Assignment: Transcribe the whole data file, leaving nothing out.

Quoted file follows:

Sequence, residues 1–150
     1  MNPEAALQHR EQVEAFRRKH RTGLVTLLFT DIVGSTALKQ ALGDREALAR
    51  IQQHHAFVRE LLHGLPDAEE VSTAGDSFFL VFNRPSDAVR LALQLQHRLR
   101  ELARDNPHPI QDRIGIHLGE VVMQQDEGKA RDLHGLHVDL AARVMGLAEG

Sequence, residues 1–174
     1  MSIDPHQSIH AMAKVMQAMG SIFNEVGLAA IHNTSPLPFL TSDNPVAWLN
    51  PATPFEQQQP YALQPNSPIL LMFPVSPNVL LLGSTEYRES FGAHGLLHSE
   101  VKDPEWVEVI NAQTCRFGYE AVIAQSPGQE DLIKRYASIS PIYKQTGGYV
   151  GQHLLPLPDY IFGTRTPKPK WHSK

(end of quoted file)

Sequence, residues 1–150
     1  MNPEAALQHR EQVEAFRRKH RTGLVTLLFT DIVGSTALKQ ALGDREALAR
    51  IQQHHAFVRE LLHGLPDAEE VSTAGDSFFL VFNRPSDAVR LALQLQHRLR
   101  ELARDNPHPI QDRIGIHLGE VVMQQDEGKA RDLHGLHVDL AARVMGLAEG

Sequence, residues 1–174
     1  MSIDPHQSIH AMAKVMQAMG SIFNEVGLAA IHNTSPLPFL TSDNPVAWLN
    51  PATPFEQQQP YALQPNSPIL LMFPVSPNVL LLGSTEYRES FGAHGLLHSE
   101  VKDPEWVEVI NAQTCRFGYE AVIAQSPGQE DLIKRYASIS PIYKQTGGYV
   151  GQHLLPLPDY IFGTRTPKPK WHSK